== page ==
Wednesday, 29 November 2017

* Making The Best First Impression In Your New Job

You were slaving away in a job where you felt that your talents were wasted. You saw a new job posted and applied. You breezed the telephone interview, aced the interview and you’re starting your new job on Monday. This could well be a turning point in your career, the path to job satisfaction and prosperity like you’ve never thought possible. It’s important to not only make the best possible first impression, but to maintain those good impressions long after that all important first day. Get it right and your new job will become your dream job, get it wrong and you could hobble your career progression before it begins. It’s going to take more than a plate of homemade brownies and a sharp suit (although those certainly can’t hurt either). Here are some tips to making the best possible impression on your first day and beyond…

Set Off Half An Hour Earlier Than Your Route Planner Says

If there’s one thing certain to mire your reputation with your new employer, it’s tardiness. Nobody intends to rock up on their first day at their new job 15 minutes late, but it’s an increasingly common phenomenon. An over reliance on Sat-Navs has left many leaving the house when their phone or TomTom tells them to, but even the best GPS systems can fail to accurately account for traffic and other external factors. Setting off around 15-30 minutes earlier can insulate you from any unpleasant surprises.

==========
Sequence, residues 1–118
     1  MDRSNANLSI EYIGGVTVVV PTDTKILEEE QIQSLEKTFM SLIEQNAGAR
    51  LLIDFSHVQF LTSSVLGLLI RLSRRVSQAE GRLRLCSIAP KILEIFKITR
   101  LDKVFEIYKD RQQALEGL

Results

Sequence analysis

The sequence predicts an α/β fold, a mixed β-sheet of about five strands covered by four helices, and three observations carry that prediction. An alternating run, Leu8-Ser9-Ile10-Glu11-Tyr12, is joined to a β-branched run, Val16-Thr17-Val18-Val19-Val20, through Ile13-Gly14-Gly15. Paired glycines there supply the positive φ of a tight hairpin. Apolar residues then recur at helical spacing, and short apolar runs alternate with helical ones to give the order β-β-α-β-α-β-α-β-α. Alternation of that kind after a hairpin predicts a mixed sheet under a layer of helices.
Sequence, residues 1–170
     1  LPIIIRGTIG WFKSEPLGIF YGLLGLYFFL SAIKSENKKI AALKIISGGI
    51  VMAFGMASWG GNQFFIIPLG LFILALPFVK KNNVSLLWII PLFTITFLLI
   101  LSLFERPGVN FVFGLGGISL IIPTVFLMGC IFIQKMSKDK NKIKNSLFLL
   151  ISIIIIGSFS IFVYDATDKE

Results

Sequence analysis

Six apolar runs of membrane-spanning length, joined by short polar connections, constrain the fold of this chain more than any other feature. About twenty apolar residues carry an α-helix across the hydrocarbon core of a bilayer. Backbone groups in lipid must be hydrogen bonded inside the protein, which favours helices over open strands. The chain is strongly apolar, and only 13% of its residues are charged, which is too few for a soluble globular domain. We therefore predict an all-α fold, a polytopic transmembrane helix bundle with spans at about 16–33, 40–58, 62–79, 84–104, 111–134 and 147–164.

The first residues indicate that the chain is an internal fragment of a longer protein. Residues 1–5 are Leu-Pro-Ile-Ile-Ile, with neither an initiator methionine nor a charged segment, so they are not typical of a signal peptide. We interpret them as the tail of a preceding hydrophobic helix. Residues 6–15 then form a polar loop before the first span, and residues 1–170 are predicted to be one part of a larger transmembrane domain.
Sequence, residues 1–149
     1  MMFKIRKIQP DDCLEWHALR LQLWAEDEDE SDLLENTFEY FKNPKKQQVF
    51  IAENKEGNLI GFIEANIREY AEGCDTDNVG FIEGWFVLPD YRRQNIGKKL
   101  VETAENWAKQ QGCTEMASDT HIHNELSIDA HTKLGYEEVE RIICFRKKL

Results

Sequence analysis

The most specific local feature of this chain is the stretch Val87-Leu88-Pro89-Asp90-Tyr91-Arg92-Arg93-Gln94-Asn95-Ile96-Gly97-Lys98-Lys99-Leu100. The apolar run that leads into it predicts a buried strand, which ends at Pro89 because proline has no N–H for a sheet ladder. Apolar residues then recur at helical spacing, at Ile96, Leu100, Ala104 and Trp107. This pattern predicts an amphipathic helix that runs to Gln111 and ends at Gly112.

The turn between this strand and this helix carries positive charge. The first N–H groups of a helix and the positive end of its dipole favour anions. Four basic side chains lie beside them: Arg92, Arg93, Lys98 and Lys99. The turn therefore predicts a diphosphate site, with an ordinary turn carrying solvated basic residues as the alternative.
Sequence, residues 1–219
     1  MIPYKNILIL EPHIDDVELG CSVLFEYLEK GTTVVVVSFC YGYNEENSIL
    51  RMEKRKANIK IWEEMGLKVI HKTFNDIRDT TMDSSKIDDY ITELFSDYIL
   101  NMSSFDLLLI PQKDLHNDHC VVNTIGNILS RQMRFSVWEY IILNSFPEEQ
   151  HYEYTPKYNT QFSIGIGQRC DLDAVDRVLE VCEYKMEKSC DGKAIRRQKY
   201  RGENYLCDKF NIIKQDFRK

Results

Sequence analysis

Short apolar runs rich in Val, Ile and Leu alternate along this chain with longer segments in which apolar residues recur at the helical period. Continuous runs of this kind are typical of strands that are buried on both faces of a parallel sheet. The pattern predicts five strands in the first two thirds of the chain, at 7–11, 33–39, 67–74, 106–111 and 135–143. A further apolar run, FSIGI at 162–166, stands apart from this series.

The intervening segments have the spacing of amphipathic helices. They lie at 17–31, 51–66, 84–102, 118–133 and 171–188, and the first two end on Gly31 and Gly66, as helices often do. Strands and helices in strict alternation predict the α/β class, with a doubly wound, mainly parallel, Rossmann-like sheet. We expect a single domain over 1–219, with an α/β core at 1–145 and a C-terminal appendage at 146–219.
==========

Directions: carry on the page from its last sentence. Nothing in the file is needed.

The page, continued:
Avoid The Temptation To Be a Suck-up

Making a great first impression with your boss is one thing, but being a sycophant is something else entirely. Nobody likes a suckup, and even if you’re able to temporarily curry some favour with your new manager, you will run the risk of alienating yourself from your peers or other managerial staff. It’s a far better idea to build your reputation by demonstrating a ‘can do’ attitude and being amiable to all members of staff, not just those to whom you’re immediately accountable.

Resist The Urge To Over Commit and Know Your Employee Rights

As important as it is to ingratiate yourself to your new boss and colleagues, it’s equally important to know that you’re not prepared to be taken advantage of. It pays to be aware of any employment law services your new business provides and to brush up on your employee rights and know what your employer can reasonably ask of you. Though it’s all too easy to take on extra responsibilities or work additional hours in the name of making a good impression, you’ll do nobody any favours by over extending yourself.

Steer Clear of Gossip

Workplaces are social petri dishes, and it can be all too easy to become drawn into the gossip and politics of the workplace. While it’s understandable that you’ll want to get along socially with your new colleagues, engaging in gossip is not the right way to do it. Be cheerful and friendly but keep the conversation work related and politely abstain from the gossip and political divides of the workplace. You may end up alienating someone you later come to rely on for a promotion.

Disclaimer: Collaborative Post

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